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We need an improved policy framework that can support purposeful businesses and enable them to collaborate with government and civil society
Hetan Shah is Chief Executive of the British Academy.
The World Economic Forum (WEF) wants its annual gathering of corporate leaders to return to Davos in January 2022 with “the first truly global leadership event to set the agenda for a sustainable recovery”.
Previous gatherings of the global elite at a small Swiss ski resort have not necessarily helped shift the dial, but the WEF is right – it is time to ask how we will address the longer term economic and social crises in the wake of COVID-19. The scarring of young people’s education and employment prospects, the backlogs in public services from hospitals to the justice system, vast increases in public debt and the impacts of lockdown on people’s relationships and mental health have been huge.
The impacts run so deep that a British Academy review earlier this year – requested by UK Government Chief Scientific Advisor Sir Patrick Vallance – found that we are in a ‘Covid Decade’. Much of the narrative on how we might recover focuses upon what the government can do, but this can put undue expectation on what the state can achieve. Local communities and civil society’s part alongside government is increasingly recognised with calls for more investment in ‘social infrastructure’.
Given the last in-person meeting at Davos took place barely a month before the World Health Organisation declared COVID-19 a global pandemic, it is reasonable to ask what good corporate leaders can be expected to do to avert disaster. But we have a curious collective blind spot where business is concerned, despite the positive role that businesses have played during the last year.
Recall how AstraZeneca developed a vaccine with Oxford University at speed and is now selling it to poor countries at cost price. Gin distilleries shifted to producing hand sanitiser. Supermarkets worked hard to ensure we had the goods we needed in the pandemic. Hotels opened their doors to the homeless and, during holidays, cafes fed hungry children when they were not entitled to school dinners. A wartime mentality meant that government, civil society and business were working together for society’s benefit. How can we hold onto the best of this?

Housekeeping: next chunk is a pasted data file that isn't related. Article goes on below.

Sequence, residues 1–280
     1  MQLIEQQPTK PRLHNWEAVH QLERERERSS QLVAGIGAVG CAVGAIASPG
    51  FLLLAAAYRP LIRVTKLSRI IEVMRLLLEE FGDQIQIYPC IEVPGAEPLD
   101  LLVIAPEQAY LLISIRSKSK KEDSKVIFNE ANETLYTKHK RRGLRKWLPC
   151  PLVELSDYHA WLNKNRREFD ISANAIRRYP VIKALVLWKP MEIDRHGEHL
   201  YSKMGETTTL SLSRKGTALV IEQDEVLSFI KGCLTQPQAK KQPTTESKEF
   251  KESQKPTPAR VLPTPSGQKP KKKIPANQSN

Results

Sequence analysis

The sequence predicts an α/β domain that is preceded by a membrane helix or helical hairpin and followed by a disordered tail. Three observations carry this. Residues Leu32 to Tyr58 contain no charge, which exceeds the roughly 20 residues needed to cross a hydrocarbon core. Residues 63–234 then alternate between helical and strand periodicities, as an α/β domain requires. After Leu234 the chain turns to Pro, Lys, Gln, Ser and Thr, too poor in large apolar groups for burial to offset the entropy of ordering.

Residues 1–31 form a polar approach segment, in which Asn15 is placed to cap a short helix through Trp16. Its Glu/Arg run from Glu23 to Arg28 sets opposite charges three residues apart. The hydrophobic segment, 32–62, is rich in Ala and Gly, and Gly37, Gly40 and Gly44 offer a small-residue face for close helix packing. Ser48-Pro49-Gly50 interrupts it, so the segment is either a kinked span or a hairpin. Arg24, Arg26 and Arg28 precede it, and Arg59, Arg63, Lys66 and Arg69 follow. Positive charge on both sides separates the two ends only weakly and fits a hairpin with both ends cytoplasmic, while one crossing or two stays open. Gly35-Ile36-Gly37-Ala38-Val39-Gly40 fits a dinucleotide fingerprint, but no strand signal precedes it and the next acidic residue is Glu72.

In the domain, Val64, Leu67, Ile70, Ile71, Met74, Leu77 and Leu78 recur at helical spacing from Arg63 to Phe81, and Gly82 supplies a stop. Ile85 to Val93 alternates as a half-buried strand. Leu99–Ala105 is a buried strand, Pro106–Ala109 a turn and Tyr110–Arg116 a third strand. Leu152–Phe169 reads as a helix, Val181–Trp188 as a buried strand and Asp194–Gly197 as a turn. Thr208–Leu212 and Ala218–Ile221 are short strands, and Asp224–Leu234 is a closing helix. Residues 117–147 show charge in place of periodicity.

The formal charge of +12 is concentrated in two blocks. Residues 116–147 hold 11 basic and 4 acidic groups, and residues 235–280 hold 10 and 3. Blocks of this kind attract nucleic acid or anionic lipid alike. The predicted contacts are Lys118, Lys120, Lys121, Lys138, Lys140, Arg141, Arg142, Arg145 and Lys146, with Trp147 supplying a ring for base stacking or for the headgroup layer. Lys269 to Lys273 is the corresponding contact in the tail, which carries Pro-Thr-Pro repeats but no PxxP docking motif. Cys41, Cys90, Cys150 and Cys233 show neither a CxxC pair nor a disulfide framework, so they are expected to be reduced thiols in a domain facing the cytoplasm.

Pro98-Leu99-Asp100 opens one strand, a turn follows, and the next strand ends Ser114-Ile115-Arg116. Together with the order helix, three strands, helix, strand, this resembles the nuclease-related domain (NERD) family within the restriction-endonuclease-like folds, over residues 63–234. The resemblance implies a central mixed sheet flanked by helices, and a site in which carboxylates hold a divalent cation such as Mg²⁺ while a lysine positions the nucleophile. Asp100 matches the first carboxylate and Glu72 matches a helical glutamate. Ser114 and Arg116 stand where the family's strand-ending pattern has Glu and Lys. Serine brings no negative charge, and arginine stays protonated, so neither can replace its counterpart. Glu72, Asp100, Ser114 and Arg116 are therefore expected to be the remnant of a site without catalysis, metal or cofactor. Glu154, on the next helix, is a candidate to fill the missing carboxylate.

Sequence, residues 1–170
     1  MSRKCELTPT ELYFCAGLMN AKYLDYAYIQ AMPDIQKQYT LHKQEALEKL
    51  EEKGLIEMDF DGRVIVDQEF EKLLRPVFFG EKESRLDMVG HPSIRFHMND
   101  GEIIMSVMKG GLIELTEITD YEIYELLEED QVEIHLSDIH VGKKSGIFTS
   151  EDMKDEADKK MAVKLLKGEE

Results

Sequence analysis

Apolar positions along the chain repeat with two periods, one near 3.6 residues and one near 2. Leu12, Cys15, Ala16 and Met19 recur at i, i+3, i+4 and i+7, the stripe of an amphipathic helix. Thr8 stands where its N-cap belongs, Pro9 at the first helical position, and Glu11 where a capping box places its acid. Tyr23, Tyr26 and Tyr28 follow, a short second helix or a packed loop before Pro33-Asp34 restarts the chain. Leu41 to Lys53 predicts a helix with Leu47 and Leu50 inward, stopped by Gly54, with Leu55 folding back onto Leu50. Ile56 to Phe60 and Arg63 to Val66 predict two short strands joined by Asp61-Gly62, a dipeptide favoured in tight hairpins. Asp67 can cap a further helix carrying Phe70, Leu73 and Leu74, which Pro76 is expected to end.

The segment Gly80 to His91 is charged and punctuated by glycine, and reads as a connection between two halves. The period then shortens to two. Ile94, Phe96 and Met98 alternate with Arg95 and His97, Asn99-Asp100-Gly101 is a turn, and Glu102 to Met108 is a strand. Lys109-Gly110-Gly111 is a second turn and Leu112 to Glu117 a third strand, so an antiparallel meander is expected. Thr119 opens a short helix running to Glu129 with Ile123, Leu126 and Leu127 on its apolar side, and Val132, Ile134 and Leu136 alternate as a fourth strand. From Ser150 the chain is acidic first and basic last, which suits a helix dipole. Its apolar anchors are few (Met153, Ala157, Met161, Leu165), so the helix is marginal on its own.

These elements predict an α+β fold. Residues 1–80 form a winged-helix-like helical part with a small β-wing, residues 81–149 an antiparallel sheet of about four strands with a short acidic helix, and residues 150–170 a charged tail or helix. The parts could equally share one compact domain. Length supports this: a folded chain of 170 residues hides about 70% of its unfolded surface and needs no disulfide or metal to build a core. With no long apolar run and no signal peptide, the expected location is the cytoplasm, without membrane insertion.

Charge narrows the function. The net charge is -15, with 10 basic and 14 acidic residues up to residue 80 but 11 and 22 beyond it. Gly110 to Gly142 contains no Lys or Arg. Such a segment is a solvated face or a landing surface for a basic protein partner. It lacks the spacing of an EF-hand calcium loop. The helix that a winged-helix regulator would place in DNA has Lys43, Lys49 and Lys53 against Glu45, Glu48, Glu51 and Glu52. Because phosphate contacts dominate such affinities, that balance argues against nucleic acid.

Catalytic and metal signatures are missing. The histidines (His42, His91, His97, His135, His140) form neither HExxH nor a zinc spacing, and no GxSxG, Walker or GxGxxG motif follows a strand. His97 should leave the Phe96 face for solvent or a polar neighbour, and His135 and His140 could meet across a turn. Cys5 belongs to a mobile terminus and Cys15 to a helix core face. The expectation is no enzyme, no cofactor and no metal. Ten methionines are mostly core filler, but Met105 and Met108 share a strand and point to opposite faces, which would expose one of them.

Scepticism over business’ long-term role in building a better society is relatively recent. American economist Milton Friedman's doctrine that the role of business is to maximise profits for its shareholders is 50 years old. But if we look back over the last two millennia that corporations have existed, purpose has been present alongside profit – from Roman corporations, medieval guilds through to public chartered corporations.
The role and regulation of companies has shifted over time and can do so again if we want it to. The British Academy has brought academic and corporate experts together over the last four years to think about the role of business. Our conclusion? That we should reconfigure the purpose of business to finding profitable solutions to the problems of the people and planet. Businesses agree; 43% of business leaders responding to a YouGov survey for the British Academy agree with this definition.
The UK has an opportunity to lead the way in reform of business policy around this notion of corporate purpose. The directors of boards of companies should be held accountable for determining, implementing, and delivering the purposes of their companies, and regulators, standard setters, and auditors should ensure that companies do not profit from creating detriments.
Business is a third pillar of society, alongside government and civil society. It has already played its part in getting us through the initial crisis. The dynamism and innovation of the private sector should be channelled through a regulatory framework that promotes purposeful business rather than one that incentivises short term profit maximisation at the cost of all else.
Seen from the long view, purpose and profit have traditionally gone together. The Friedman doctrine of profit maximisation for shareholders is the aberration. We need an improved policy framework that can support purposeful businesses and enable them to collaborate with government and civil society. That could mark the beginning of the sustainable recovery that global leaders are ambitious for.
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